The School of Life for Business

The School of Life is a global organisation helping people live more fulfilled lives.

We teach 20 emotional skills to help businesses thrive in the modern economy.


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Innovation - Currently available in-person only. Virtual version coming soon

A workshop which offers strategies on prototyping, project building and taking calculated risks.

It’s one thing to have a good idea and another thing to put that idea into practice. In this session, we think about what to do once a good idea has struck, from the first prototype to keeping your stakeholders on board as you scale up over years.

In this two-hour session, we will:

• Practise prototyping designs and pitching so that stakeholders buy into our ideas

• Consider how to keep multiple stakeholders in the loop and engaged over the long run

• Think through how to keep our project going long term

• Explore our responses to failure and risk, where they come from in our lives, and how we can embrace risk, overcome difficulty, and learn from setbacks


Innovation is the skill of further developing good ideas, putting them into practice and in particular successfully leading a team or organisation through innovative change.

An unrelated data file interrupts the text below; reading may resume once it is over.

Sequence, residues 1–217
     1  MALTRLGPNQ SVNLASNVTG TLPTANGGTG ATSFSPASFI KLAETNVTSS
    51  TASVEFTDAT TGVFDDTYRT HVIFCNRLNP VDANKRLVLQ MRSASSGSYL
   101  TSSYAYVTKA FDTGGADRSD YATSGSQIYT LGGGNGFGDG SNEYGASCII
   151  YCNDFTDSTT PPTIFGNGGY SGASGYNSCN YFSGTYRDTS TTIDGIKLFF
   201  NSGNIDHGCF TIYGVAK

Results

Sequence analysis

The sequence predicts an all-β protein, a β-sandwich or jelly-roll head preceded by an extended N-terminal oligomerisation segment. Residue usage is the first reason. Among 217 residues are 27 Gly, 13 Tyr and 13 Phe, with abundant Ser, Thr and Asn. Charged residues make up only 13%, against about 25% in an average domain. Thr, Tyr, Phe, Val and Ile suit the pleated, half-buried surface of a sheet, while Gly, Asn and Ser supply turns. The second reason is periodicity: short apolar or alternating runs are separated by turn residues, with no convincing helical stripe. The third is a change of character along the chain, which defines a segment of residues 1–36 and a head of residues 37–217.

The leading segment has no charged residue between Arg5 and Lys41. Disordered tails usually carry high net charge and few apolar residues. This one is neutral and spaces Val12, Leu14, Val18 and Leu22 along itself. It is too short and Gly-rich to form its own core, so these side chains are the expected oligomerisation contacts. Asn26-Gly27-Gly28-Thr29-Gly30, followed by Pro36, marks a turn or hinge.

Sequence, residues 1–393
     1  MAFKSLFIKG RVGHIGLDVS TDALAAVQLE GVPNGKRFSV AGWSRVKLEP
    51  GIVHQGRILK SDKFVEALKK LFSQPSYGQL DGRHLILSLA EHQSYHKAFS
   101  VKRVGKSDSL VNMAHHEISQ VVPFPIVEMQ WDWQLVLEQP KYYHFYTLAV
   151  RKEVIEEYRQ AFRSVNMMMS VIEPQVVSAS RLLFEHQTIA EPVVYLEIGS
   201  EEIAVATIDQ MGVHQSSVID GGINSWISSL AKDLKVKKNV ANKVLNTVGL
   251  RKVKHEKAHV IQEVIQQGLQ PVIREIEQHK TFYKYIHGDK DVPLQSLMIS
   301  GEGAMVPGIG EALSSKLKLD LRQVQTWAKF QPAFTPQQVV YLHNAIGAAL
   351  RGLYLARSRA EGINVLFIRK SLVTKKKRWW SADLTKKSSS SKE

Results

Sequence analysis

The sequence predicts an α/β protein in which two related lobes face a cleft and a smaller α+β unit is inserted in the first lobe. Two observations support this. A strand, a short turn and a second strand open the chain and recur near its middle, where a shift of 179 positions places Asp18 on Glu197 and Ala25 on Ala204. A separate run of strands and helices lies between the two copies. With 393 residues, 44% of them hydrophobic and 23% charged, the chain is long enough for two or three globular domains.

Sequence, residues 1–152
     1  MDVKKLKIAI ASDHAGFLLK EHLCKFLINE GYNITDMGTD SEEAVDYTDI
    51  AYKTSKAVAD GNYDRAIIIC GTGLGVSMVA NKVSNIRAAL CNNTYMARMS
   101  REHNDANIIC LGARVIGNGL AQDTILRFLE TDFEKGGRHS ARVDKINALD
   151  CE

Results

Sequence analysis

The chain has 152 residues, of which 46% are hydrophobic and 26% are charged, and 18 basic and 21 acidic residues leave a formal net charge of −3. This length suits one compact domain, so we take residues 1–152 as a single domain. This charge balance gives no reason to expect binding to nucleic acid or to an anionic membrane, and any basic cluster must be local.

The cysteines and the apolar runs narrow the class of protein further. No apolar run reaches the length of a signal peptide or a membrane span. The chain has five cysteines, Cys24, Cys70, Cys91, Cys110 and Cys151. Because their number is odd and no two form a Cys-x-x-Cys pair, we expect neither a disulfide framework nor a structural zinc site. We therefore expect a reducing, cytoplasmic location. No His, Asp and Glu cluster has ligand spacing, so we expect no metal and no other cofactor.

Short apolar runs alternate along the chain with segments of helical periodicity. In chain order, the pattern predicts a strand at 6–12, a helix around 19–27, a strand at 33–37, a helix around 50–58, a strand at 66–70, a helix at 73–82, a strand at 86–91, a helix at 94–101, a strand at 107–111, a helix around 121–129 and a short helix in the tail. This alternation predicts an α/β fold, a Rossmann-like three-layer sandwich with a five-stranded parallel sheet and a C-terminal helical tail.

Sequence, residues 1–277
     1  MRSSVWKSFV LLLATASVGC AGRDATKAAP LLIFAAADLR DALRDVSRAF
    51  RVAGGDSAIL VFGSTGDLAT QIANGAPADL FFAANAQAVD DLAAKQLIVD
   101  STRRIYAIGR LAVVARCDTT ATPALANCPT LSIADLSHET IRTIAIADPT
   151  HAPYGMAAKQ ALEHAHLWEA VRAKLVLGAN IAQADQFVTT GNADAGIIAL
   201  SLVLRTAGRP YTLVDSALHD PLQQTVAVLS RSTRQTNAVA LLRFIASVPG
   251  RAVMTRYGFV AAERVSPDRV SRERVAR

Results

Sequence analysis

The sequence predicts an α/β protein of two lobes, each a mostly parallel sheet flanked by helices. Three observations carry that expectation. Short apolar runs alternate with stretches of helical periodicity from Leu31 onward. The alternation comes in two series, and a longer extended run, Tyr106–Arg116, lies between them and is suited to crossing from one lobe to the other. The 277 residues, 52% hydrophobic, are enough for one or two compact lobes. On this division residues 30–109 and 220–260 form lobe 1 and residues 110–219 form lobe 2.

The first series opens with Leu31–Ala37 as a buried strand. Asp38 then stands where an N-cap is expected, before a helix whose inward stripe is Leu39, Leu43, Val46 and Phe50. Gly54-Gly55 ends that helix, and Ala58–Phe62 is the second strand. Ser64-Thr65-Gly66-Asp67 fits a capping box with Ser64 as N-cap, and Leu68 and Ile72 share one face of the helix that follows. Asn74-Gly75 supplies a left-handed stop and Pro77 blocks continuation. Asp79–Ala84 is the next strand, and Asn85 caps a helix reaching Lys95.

What characterises mastery of this skill?

Innovative employees can often be found in leadership positions. They are confident and willing to take on risks, responsibilities and even accept failure for the sake of significant business development. Atypical ideas and thinking are welcomed by them rather than punished and criticised. In order to lead a team towards innovative change, they actively promote change, emphasise its importance and serve as a strong role model by adapting to change themselves.

What characterises a lack of this skill?

A lack of innovation can be observed by a tendency to rigid rather than flexible thinking. These employees find it hard to let go of doubts, concerns, and anxiety regarding change of their products, services or their company. When discussing potential innovation they tend to emphasise limits. Their passivity might slow down the process of innovation. They prefer to have someone else take the lead in development and implementation of new ideas.


‘It demonstrated the importance of confidence in enacting change, though tempered by setting realistic expectations’

‘I learned how to structure innovative thinking, and combine areas of potential and constraint into innovative ideas’

‘I reminded me to be bold, brave and don't be scared to fail when trying new things!’

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